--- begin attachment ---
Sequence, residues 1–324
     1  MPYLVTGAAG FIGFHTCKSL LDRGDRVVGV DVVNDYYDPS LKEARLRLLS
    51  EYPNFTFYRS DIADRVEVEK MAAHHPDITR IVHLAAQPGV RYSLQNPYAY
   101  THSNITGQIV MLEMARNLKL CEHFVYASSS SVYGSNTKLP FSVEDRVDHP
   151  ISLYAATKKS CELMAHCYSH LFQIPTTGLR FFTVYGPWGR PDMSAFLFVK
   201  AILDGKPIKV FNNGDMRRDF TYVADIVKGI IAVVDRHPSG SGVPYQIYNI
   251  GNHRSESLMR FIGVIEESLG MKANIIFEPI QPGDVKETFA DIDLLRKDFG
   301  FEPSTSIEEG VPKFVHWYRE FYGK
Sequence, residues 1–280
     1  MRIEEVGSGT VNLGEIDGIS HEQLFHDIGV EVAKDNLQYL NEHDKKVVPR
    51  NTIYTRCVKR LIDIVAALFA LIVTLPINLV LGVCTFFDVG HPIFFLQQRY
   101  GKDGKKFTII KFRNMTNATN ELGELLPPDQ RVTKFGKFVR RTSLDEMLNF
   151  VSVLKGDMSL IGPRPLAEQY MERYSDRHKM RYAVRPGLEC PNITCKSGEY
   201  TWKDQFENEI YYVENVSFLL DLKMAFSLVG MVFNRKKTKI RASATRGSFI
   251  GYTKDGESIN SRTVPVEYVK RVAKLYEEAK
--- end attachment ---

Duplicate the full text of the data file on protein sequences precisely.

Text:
Sequence, residues 1–324
     1  MPYLVTGAAG FIGFHTCKSL LDRGDRVVGV DVVNDYYDPS LKEARLRLLS
    51  EYPNFTFYRS DIADRVEVEK MAAHHPDITR IVHLAAQPGV RYSLQNPYAY
   101  THSNITGQIV MLEMARNLKL CEHFVYASSS SVYGSNTKLP FSVEDRVDHP
   151  ISLYAATKKS CELMAHCYSH LFQIPTTGLR FFTVYGPWGR PDMSAFLFVK
   201  AILDGKPIKV FNNGDMRRDF TYVADIVKGI IAVVDRHPSG SGVPYQIYNI
   251  GNHRSESLMR FIGVIEESLG MKANIIFEPI QPGDVKETFA DIDLLRKDFG
   301  FEPSTSIEEG VPKFVHWYRE FYGK
Sequence, residues 1–280
     1  MRIEEVGSGT VNLGEIDGIS HEQLFHDIGV EVAKDNLQYL NEHDKKVVPR
    51  NTIYTRCVKR LIDIVAALFA LIVTLPINLV LGVCTFFDVG HPIFFLQQRY
   101  GKDGKKFTII KFRNMTNATN ELGELLPPDQ RVTKFGKFVR RTSLDEMLNF
   151  VSVLKGDMSL IGPRPLAEQY MERYSDRHKM RYAVRPGLEC PNITCKSGEY
   201  TWKDQFENEI YYVENVSFLL DLKMAFSLVG MVFNRKKTKI RASATRGSFI
   251  GYTKDGESIN SRTVPVEYVK RVAKLYEEAK